Timothy Dominick and Christopher Valentino discuss the implications of changes to New York State’s Pay Transparency Law requiring all postings for jobs to include a salary or salary range in “New York Pay Transparency Law Goes into Effect Sunday” published by Long Island Business News.
Archives for September 18, 2023
After the United Auto Workers’ (UAW) labor contracts with the “Detroit Three” automakers expired on September 14, 2023, and the parties were not able to agree on new contract terms, the UAW began striking at targeted plants at midnight on September 15, 2023. Manufacturing and other companies within the automotive supplier network bracing for a resulting downturn in orders may be looking to implement potentially long-term loss mitigation strategies such as furlough, pay cuts, altered schedules, and even layoffs. Employers of foreign workers must consider how these actions affect their compliance with federal immigration rules.
On Friday, August 18, the US Court of Appeals for the Fifth Circuit issued a landmark decision overturning nearly 30 years of precedent limiting plaintiffs in Title VII cases to claims based on “ultimate employment decisions.” Where previously employment discrimination claims were limited to actions such as “hiring, granting leave, discharging, promoting, and compensating,” employees can now pursue claims based on any discriminatory practice that alters the “terms, conditions, or privileges of their employment.”
Under Conn. Gen. Stat. § 31-307 (a), in order for a claimant to be entitled to temporary total indemnity benefits, his injury must result in a total incapacity to work, defined as “the inability of the employee, because of his injuries, to work at his customary calling or at any other occupation he might reasonably follow. Cochran v. DOT, 220 Conn. App. 855, 867-868 (2023).
Historically, Georgia courts have declined to apply another state’s law to determine whether to enforce restrictive covenants against a Georgia employee, regardless of whether the agreement stated that another state’s law controlled (choice-of-law provision). So, too, Georgia’s law has long distinguished between restrictive covenants that are reasonable (in scope, duration, and geographic reach) and those that are unreasonable; the former are enforceable, while the latter are considered “in general restraint of trade.” Contracts that are “in general restraint of trade” are “deemed to be contrary to public policy” and “cannot be enforced” in Georgia. O.C.G.A. 13-8-2(a).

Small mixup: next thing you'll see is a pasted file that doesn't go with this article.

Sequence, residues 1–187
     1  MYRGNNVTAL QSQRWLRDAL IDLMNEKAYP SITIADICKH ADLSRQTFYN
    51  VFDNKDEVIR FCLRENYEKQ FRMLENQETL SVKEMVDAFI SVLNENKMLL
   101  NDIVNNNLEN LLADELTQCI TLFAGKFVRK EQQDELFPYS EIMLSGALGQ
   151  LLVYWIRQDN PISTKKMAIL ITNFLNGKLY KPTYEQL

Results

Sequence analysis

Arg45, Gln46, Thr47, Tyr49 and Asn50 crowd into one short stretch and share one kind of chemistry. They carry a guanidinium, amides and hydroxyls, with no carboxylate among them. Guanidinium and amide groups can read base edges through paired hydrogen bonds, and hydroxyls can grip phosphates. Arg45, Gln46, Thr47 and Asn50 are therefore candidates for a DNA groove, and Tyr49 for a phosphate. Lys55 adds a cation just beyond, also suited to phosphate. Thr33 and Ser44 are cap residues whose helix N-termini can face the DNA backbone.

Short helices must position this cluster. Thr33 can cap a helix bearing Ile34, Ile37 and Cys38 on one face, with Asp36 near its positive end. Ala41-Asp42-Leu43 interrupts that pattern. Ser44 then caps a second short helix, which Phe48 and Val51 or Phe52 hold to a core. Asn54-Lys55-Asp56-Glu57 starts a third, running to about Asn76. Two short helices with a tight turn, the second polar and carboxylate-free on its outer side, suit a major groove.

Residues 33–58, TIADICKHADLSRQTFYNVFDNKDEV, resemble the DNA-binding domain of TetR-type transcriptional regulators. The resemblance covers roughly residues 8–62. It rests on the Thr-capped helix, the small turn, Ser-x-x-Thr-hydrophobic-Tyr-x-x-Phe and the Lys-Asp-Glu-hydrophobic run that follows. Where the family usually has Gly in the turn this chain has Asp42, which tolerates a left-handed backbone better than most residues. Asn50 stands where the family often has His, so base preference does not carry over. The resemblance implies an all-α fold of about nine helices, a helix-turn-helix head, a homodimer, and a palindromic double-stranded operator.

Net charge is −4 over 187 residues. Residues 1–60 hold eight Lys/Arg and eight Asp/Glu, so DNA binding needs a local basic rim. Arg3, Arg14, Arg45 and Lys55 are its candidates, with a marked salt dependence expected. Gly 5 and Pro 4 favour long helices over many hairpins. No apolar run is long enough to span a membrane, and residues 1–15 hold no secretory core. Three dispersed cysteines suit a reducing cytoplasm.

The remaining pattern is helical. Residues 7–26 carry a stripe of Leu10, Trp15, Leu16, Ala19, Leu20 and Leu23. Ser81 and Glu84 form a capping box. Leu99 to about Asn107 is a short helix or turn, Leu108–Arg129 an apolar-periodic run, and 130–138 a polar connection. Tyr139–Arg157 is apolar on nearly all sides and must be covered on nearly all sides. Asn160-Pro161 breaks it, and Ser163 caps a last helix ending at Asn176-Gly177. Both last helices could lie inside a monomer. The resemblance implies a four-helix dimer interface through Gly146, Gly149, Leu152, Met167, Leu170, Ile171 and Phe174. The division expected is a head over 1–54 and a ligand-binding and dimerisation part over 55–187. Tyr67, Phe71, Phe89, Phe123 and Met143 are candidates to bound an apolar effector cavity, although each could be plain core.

The number of workers on strike this year has already surpassed any year since the start of the pandemic, according to Bloomberg Law’s database of work stoppages.
A leader must build interpersonal communication skills to reach the next level in his career.
For at least a decade, labor organizers have tried to make inroads at the nation’s banks, but Wells Fargo is the only big one where workers are actually trying to unionize.
The United Auto Workers union has never been a friend of conservatives.
“The parties have agreed the best path forward is a resolution that allows an end to this litigation,” a joint statement from Sanders and the university states.
In contract disputes from Detroit to Hollywood, organized labor leaders are holding firm in their efforts to gain more pay and job security for members.
It may be ill-advised, but if their work doesn’t risk anyone’s safety, let a manager handle it.
This is the first of a two-part series on the three factors to consider when evaluating the possible impact a job change could have on a certified PERM labor certification and a foreign national’s green card process.
Typically, unless the foreign worker qualifies for an exception, employers sponsoring a foreign